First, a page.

The British Superbike Championship Statistics and Race Records 1996 – Present
Leading winners – 15 or more
It’s widely recognised and agreed that the BSB series we know today first came to existence in 1996 and it’s from here where all statistics are taken. The very first race winner in 1996 was Niall Mackenzie who took the 750cc Cadbury’s Boost Yamaha to victory at Donington Park – the Scottish ace returned to the UK after nine years on the Grand Prix trail and promptly won the BSB title three years on the trot!
Shakey leads the race
However, over the 20 years of BSB history, the leading rider when it comes to race wins is Shane ‘Shakey’ Byrne who grabbed his first win in 2002 when riding for the Renegade Red Bull Ducati team. Despite missing a few seasons over the years when competing in the MotoGP or World Superbike Championships, the Londoner now has 85 race wins to his name.
Those wins have come for a variety of teams and manufacturers and he’s won on both twin and four cylinder machines, notably Ducati, Suzuki, Honda and Kawasaki. After an eight-year absence, he returned to Ducati in 2016 and with nine wins taken during the course of the season he duly won his fifth title. For the first time ever, he then retained his title in 2017, overturning a 33-point deficit to Leon Haslam at the final round in dramatic fashion only for injury to curtail his defence in 2018.
His total currently puts him 31 wins clear of Josh Brookes with eleven years of his career having now been spent in the BSB series. His first win came in 2009 with five wins in 2020 moving him on to an overall total of 54 wins. The Australian has been victorious on Honda, Suzuki, Yamaha and Ducati machinery with 15 of his career wins coming on the latter across 2019 and 2020, finishing second overall in the former for the fourth time before finally taking title number two in the latter.
His 2020 wins saw him overhaul Ryuichi Kiyonari with the majority of the Japanese rider’s victories coming on Hondas, specifically the HM Plant Honda’s. He did, of course, have an excellent season riding the Buildbase BMW in 2014 when he finished second overall but failed to get close to that kind of form in the following years, eventually leaving the series at the end of 2016.
Haslam takes fourth
Leon Haslam sits in fourth with the Derbyshire rider’s superb 2018 season seeing him not only win 15 races but also claim his maiden BSB title, after coming second on three previous occasions. He now has 46 wins, nine clear of another champion, John Reynolds.
Reynolds and Rutter
Despite having retired at the end of the 2005 season, Reynolds still has the fifth highest total of wins with the bulk of his success coming on Ducati and Suzuki machinery and although both Haslam and Brookes moved ahead of him, he should remain where he is for a while yet as he’s ten clear of Michael Rutter
Class stalwart Rutter racked up 27 wins over a 15-year period and has now started a staggering 446 BSB races. Meanwhile, triple champion Mackenzie took 24 wins in those three winning seasons and still sits in joint seventh overall, a position he shares with fellow Scot Steve Hislop.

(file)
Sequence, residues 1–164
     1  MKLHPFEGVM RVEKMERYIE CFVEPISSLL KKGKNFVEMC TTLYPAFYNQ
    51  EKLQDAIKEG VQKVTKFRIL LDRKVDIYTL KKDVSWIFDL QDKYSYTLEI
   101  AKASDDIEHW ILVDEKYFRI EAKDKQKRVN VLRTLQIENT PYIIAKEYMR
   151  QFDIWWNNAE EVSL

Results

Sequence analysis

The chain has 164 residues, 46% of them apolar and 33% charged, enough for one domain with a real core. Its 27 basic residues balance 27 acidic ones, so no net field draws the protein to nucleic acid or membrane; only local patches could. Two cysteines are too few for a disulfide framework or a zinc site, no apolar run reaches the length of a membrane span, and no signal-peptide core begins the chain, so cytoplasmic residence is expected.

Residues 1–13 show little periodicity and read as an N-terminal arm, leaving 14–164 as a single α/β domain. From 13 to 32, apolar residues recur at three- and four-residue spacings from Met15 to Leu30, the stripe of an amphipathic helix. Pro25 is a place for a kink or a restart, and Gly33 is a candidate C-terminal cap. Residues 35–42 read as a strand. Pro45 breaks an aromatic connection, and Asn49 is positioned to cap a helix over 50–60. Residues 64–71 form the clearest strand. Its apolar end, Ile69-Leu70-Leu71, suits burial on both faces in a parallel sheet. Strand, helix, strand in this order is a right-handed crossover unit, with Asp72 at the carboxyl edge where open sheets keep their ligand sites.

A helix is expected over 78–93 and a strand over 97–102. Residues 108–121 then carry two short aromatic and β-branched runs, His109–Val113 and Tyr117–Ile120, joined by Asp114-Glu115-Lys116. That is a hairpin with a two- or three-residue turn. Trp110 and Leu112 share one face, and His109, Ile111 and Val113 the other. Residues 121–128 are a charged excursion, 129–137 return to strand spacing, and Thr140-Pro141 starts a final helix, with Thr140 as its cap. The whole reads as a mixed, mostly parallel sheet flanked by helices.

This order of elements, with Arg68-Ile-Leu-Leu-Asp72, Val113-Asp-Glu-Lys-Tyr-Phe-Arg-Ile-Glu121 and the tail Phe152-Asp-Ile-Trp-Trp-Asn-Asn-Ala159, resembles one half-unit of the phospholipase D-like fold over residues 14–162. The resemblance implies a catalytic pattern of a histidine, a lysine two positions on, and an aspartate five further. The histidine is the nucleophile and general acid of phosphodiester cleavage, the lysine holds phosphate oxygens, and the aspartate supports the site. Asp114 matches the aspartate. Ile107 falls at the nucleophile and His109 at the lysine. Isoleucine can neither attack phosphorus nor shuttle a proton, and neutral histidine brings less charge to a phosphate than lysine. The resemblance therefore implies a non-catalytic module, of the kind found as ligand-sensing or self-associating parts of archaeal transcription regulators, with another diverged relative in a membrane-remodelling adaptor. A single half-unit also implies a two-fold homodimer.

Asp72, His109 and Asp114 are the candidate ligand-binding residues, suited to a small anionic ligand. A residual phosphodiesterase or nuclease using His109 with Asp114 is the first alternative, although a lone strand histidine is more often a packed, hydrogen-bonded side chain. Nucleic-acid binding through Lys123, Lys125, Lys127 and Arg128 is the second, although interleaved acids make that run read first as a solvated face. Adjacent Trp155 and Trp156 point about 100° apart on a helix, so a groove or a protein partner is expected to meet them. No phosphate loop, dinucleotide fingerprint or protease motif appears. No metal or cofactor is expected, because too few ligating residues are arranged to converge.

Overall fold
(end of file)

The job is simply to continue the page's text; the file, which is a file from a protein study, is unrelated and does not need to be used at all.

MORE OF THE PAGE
They’re one place ahead of Gregorio Lavilla, who’s 22 wins were all taken on the Ducati 999, and Leon Camier who still has the record number of wins in a single season at 19. This came in 2009 when he dominated the championship on the Yamaha R1.
Jason O’Halloran became the latest rider to record 15 wins or more with 11 wins coming during the 2021 season.
|1.||Shane Byrne||85||2002 – 2018|
|2.||Josh Brookes||54||2009 – 2020|
|3.||Ryuichi Kiyonari||50||2004 – 2014|
|4.||Leon Haslam||46||2004 – 2018|
|5.||John Reynolds||37||1997 – 2004|
|6.||Michael Rutter||28||1995 – 2010|
|7.||Niall Mackenzie||24||1996 – 1998|
|=||Steve Hislop||24||1998 – 2002|
|9.||Gregorio Lavilla||22||2005 – 2007|
|=||Leon Camier||22||2008 – 2009|
|11.||Chris Walker||21||1997 – 2012|
|12.||Tommy Hill||19||2005 – 2012|
|2009 – 2017
Leading podium finishes – Solos (50 podiums or more)
No less than 15 riders have stood on the podium 50 times or more since the 1996 British Superbike Championship although only eight of them have gone on to win the title with a number of the class regulars coming close on more than one occasion but ultimately falling short of the number one plate.
Unsurprisingly, it’s Shane Byrne that again leads the way and his current total of 189 rostrums is some 52 clear of Josh Brookes who pushed John Reynolds down to third overall in 2019. That shows what a dominant force Byrne has been over the years and also how successful Reynolds was up until his retirement at the end of 2005.
Brookes joined the ‘Century Club’ in 2017 and he added another 18 to his total in 2019 when he missed out on his second BSB to team-mate Scott Redding by just five points. Ten more came his way in the shortened 2020 season when he won his second BSB title. 2021 was a disappointing year though, by his own incredibly high standards, with just four rostrum appearances.
Breaking the 100-podium mark
Leon Haslam became just the fourth rider to break the 100-podium mark after his Championship winning season in 2018 saw him take 21 podiums from the 26 races held